SHAFAQNA- Placing newborns in prospective studies to conduct genetic screenings with follow up may reduce the risk of DKA at diagnosis of type 1.
Children, particularly those under the age of 5, are at the highest risk of experiencing Diabetic Ketoacidosis (DKA) at diagnosis of type 1 diabetes. This may be due to a delay in diagnosis by lack of knowledge of initial symptoms from parents or a misdiagnosis by clinicians with concurrent health issues. Currently, there are mixed data indicating whether DKA is increasing or decreasing in frequency. However, prior studies have shown that providing education on the initial symptoms of type 1 diabetes has shown to reduce the incidence of DKA at diagnosis. This can be seen in children with first-degree relatives who are more knowledgeable in the disease and can recognize initial symptoms. It is also seen in children enrolled in prospective studies for genetic testing of the disease and participating in follow ups. Oulu University Hospital in Finland have ongoing prospective studies since 1995. They have been genetically testing all newborn infants for HLA-conferred susceptibility of type 1 diabetes.
One study hypothesized a decreased risk of DKA in children at diagnosis with type 1 diabetes who participated in prospective studies. Therefore, researchers conducted two study cohorts focusing information gathered by the prospective studies in Oulu University Hospital in Finland. A total of 1,164 patients were evaluated with an overlap of 485 children. Study cohort 1 had a sample size of 517 children. It included all children born in 1995-2012 with a diagnosis of type 1 diabetes by the end of 2014. Study cohort 2 had a sample size of 579. It included all children diagnosed with type 1 diabetes in 2002-2014. Study cohort 1 was divided into 4 subgroups:
- Children who did not have an HLA-screening
- Children who were screened but had no HLA conferred risk
- Children who were screened and found to have conferred risk but did not participate in a follow up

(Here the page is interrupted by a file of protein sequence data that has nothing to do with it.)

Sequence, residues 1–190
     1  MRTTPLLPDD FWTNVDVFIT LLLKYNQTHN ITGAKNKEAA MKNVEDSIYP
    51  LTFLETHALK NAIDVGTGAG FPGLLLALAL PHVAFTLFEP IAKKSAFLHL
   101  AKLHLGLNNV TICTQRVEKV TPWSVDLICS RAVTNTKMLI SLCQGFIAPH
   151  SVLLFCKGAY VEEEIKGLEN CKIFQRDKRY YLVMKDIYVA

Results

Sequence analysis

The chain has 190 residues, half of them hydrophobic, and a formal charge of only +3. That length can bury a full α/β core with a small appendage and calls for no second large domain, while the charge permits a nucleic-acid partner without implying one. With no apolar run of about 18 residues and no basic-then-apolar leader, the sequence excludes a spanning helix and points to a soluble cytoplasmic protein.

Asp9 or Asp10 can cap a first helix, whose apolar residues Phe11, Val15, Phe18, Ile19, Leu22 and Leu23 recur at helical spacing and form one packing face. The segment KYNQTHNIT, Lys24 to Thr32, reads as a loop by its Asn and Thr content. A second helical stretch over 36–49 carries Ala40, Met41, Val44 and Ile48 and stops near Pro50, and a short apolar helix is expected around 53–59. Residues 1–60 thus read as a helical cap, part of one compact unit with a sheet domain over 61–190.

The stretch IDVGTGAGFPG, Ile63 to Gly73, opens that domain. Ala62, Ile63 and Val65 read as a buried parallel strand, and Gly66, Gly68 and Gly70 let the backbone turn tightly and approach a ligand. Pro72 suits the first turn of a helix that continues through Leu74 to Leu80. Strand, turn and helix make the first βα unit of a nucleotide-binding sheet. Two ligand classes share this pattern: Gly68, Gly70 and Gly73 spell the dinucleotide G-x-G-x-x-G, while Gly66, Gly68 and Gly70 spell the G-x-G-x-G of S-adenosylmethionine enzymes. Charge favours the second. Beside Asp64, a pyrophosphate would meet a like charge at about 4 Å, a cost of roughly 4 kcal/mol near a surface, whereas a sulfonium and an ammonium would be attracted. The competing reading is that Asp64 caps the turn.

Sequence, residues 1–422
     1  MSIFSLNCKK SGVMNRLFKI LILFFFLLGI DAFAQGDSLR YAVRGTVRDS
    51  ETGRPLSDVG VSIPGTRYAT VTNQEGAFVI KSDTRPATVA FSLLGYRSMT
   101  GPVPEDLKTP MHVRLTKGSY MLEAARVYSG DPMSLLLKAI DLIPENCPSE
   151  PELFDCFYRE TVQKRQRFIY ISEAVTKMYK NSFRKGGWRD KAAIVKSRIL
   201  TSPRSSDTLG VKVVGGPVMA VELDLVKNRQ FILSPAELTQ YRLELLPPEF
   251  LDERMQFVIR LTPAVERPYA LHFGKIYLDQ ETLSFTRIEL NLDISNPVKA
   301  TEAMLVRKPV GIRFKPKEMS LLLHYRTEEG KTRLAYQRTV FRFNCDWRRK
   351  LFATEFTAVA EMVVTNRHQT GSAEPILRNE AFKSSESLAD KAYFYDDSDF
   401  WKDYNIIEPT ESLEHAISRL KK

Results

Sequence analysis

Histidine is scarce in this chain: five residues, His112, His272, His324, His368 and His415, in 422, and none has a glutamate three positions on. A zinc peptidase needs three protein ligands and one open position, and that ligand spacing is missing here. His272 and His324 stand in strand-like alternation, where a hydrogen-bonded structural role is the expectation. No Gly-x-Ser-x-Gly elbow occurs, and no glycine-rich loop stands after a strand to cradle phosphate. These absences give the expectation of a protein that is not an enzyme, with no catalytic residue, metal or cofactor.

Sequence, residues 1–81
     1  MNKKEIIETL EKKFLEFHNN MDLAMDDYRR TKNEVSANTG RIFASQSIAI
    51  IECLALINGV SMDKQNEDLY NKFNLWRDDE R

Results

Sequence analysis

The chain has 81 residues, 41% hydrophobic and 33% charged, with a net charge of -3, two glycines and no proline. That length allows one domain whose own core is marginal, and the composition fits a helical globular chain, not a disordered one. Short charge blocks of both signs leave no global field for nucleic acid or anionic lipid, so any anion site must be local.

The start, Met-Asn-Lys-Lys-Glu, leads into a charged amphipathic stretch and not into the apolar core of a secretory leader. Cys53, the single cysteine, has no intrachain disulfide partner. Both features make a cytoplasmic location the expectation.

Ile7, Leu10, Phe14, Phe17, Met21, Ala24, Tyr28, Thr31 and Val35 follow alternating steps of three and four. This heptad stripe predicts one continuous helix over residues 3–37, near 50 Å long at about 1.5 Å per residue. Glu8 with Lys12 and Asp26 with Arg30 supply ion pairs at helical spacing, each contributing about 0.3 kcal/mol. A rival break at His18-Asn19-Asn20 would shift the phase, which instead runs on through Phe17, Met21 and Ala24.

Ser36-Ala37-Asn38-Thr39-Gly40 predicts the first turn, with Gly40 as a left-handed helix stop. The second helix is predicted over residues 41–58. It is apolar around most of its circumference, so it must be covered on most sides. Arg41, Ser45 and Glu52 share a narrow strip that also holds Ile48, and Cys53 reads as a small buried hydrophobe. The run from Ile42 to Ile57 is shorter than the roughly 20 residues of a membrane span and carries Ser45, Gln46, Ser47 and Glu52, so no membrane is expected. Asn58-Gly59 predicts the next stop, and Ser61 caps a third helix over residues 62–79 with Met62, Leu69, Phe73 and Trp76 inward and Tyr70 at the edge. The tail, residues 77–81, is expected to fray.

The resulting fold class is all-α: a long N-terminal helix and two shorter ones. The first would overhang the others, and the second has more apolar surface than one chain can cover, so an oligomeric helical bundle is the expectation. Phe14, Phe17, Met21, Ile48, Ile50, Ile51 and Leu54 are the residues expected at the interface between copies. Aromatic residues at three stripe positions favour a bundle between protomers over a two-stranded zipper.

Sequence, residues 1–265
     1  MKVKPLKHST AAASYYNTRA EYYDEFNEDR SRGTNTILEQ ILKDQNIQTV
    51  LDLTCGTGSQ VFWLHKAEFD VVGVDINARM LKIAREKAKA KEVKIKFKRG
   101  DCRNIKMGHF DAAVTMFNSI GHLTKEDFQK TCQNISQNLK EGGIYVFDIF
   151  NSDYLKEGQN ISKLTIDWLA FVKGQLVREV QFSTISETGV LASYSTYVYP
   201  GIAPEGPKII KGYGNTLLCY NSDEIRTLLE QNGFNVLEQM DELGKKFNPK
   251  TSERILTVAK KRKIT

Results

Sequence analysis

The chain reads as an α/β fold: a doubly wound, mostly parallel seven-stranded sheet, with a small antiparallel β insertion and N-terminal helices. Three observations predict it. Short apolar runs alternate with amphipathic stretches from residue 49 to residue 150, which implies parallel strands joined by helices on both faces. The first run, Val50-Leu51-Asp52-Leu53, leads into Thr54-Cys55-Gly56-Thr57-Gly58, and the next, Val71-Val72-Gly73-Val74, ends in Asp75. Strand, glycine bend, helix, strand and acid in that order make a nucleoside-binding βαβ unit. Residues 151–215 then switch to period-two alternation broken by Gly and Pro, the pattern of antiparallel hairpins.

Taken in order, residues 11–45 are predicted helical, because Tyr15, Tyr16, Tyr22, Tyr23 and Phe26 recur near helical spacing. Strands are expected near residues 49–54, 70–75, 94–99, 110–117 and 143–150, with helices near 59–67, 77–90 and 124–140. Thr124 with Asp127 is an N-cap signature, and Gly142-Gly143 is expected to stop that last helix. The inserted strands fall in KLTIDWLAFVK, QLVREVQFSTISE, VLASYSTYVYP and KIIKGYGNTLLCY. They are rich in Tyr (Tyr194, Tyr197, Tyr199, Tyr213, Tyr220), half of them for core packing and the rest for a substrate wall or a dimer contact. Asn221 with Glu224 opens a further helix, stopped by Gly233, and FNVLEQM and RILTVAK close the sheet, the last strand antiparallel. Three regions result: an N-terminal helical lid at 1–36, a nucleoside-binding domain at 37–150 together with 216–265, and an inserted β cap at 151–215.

- Children who were screened and found to have conferred risk and participated in follow ups
Study cohort 2 was divided into three age brackets: children ages 0-5 years, children ages 5-9 years, or children ages 10-14 years. Researchers gathered information of these diagnosis regarding lab values indicating DKA as well as the duration of symptoms preceding their diagnosis.
Student 2-tailed t tests, Mann-Whitney U tests and Kruskal-Wallis tests were conducted to analyze the data. Study cohort 1 revealed that there was less frequency of DKA at the time of diagnosis in patients with conferred risk and participated in follow ups (p < 0.001). Study cohort 2 indicated that the frequency of DKA at diagnosis increased in the age brackets (13% in children <5 years old, 14% in children 5-9 years old, 28.6% in children 10-14 years old; p < 0.001). It is important to note that although participating in progressive studies that provide genetic testing and follow-ups has shown to decrease the incidence of DKA at diagnosis, genetic testing alone does not decrease the incidence of DKA at diagnosis. In fact, the results indicated that DKA was highest in children who did not have HLA conferred risk. This may be due to parents mistakenly assuming their child cannot develop type 1 diabetes following genetic testing. It is imperative for clinicians to properly educate their patients on the results of genetic testing.
The results of this study indicate a need for educating the general population on type 1 diabetes. This can lead to faster diagnosis with the recognition of initial symptoms. This can also lead to a decrease in incidence of DKA at diagnosis.
- Patient education on initial signs and symptoms of type 1 diabetes may reduce the risk of DKA at disease diagnosis.
- Genetic testing alone does not decrease the incidence of DKA, nor does it ensure the prevention of type 1 diabetes.
- Adolescents may be at a greater risk of developing DKA at diagnosis.
Hekkala A, Ilonen J, Toppari J, et al. Ketoacidosis at diagnosis of type 1 diabetes: Effect of prospective studies with newborn genetic screening and follow up of risk children. Pediatric Diabetes. 2017. Epub 2017/04/24. doi: 10.1111/pedi.12541